The northern thermae (baths) of the Roman city of Nikopolis constitute one of the most important public complexes within the town of Octavian Augustus. They are located to the south of Proastio, a settlement that was lying about 400m to the north of the ancient fortified city and was used as a sacred wood due to its proximity to the sanctuary of Apollo. The impressive monument served mainly athletes participating to the Nea Aktia Games, which were organized in honour of Apollo. The thermae were constructed immediately after the foundation of the town, in the late first century BC, and stayed in use for a long time. Today, the monument is conserved in good condition; the local residents know it under the name of ?Bed?nia?.

The complex of buildings consists of curvilinear and rectangular spaces, linked to each other through a multitude of openings; they count many semicircular niches and rows of piers. The best preserved part is the western wing consisting of three vaulted rooms. The east wing was of the same structure, yet only the foundations survive to date. The rooms of the complex are interconnected and roofed by arches, apses and vaults, a significant characteristic for this type of Roman buildings. The floors of the rooms were adorned with marble and mosaics. The wall revetment was also ornate with colourful marble patterns (opus sectile). The bathing complex of Nikopolis disposed of a large swimming pool (natatio), a bathroom with cold bath (frigidarium) and bathrooms with gradually warming-up pools for warm and hot bath respectively (tepidarium, caldarium). The spaces were heated thanks to a hypocaust furnace where fire burnt incessantly and heated the hypocausts and the air that circulated through walled-in earthen pipes.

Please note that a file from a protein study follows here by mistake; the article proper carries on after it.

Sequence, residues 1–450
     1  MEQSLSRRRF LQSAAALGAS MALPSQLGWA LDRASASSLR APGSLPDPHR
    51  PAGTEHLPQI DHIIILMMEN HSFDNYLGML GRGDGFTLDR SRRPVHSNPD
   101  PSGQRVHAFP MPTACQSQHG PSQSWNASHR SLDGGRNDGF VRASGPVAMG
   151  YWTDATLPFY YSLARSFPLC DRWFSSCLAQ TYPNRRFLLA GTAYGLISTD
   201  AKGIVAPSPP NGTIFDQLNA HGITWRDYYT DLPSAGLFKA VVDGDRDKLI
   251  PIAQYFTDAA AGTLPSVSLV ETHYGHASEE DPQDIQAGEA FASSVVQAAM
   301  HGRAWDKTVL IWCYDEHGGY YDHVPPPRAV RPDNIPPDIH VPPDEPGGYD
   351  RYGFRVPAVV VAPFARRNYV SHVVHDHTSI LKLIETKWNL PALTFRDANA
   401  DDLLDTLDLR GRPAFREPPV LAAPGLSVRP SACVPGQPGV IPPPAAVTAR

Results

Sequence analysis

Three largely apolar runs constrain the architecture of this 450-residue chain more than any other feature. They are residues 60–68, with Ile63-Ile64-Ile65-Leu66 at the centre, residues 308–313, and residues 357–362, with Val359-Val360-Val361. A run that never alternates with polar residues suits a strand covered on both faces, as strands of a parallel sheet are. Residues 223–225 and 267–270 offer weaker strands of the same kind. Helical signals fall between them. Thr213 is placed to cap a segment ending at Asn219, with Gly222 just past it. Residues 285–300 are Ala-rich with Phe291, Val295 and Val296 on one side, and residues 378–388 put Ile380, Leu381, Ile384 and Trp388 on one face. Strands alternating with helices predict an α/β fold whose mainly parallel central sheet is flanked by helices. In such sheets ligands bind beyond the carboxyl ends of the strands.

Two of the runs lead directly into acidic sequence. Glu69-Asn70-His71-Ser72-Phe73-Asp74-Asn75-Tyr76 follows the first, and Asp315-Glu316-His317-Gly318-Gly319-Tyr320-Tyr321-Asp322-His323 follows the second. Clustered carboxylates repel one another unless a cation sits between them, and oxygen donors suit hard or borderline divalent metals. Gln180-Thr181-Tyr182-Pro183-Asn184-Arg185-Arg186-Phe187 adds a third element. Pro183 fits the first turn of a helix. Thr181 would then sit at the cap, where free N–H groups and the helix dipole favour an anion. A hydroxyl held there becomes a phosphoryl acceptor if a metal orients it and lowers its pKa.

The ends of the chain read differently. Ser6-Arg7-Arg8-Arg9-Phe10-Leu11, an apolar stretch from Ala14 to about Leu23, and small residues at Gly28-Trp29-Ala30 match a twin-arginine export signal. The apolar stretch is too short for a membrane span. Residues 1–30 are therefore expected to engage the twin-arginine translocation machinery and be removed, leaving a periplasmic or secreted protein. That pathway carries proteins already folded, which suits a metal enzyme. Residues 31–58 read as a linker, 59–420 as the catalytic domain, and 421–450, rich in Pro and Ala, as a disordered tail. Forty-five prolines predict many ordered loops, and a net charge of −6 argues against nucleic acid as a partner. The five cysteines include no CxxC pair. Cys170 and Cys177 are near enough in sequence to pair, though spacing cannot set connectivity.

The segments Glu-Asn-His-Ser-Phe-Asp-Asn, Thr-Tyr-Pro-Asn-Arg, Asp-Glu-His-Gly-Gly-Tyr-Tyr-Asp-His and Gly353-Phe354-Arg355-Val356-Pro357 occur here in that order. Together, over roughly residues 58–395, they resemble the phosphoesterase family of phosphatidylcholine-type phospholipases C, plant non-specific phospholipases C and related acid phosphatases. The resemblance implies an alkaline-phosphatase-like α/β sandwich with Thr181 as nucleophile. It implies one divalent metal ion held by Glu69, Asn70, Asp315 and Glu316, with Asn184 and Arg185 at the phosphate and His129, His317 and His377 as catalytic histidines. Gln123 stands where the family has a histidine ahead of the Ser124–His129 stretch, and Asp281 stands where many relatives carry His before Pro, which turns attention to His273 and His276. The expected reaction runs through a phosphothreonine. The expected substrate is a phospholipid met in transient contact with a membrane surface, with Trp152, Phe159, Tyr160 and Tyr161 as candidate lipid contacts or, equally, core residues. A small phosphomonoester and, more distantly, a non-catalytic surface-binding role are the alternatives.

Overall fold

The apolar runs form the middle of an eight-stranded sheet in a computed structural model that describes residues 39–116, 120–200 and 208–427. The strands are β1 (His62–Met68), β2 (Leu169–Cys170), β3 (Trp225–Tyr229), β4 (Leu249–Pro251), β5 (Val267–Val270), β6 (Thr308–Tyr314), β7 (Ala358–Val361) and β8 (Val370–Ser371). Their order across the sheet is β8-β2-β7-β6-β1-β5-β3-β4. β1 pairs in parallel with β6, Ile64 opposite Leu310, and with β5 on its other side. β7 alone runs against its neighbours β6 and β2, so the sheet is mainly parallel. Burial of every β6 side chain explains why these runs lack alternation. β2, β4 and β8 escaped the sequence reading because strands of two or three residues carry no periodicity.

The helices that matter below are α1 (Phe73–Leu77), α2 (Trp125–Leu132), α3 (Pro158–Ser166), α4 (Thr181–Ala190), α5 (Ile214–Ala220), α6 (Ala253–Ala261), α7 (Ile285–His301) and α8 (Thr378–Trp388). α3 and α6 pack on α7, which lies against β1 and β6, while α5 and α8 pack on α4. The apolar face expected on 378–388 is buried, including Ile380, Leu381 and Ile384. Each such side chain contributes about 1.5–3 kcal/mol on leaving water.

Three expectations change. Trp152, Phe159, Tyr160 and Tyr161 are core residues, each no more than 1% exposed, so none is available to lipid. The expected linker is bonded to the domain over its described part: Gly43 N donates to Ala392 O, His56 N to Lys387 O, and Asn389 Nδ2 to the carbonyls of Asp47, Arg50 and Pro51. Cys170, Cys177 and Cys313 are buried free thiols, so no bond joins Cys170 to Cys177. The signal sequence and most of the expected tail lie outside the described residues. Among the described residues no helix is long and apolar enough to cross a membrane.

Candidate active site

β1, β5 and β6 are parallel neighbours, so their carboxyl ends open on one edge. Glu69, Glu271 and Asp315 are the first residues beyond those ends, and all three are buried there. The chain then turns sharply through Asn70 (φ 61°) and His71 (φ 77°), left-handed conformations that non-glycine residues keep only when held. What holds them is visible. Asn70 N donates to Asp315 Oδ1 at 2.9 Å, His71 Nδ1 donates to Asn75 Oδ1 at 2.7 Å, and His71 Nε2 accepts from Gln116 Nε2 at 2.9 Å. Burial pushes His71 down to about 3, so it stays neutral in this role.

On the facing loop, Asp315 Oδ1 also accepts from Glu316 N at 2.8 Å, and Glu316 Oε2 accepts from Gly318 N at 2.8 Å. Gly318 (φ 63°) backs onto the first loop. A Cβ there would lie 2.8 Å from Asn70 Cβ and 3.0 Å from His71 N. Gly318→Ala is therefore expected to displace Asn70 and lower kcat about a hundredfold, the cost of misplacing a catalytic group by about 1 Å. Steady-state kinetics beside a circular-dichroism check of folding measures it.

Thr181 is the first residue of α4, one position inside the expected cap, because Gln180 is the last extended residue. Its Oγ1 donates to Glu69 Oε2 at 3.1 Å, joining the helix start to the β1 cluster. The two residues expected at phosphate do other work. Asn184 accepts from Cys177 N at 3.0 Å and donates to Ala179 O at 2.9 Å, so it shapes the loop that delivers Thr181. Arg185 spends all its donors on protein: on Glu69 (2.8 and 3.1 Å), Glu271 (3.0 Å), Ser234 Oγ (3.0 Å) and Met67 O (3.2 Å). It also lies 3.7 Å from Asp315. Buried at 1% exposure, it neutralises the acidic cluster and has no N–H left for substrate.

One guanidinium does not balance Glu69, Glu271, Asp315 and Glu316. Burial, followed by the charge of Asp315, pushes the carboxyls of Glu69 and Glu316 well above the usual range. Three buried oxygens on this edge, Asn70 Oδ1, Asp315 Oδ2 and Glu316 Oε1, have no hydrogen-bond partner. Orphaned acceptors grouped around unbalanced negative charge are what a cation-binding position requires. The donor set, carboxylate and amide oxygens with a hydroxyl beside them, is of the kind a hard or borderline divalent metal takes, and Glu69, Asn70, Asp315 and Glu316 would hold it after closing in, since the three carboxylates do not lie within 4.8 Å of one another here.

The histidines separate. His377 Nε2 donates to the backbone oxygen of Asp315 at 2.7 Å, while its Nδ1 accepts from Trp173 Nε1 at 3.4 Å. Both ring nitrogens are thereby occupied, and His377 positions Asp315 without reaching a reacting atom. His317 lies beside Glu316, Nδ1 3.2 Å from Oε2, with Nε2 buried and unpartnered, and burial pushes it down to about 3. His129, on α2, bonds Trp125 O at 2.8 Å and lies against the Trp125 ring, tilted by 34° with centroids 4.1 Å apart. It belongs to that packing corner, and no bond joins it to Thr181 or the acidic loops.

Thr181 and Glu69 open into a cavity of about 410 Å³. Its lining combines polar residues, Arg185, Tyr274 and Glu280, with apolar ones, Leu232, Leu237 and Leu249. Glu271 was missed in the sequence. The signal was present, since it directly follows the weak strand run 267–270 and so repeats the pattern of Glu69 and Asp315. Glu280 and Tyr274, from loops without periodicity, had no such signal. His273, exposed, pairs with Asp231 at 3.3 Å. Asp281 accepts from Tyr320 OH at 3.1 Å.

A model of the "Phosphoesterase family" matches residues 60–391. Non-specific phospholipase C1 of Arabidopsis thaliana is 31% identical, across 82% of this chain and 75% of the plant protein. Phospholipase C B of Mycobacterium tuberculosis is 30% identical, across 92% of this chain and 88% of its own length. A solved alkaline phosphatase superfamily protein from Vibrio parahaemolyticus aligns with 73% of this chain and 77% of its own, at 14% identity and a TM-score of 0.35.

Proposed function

During the years 1973-1974, extensive fixing works and efforts for restoration of the walls were undertaken in the complex of the thermae at the Proastio settlement. Furthermore was initiated the conservation of lintels at the extant entrances of the edifice.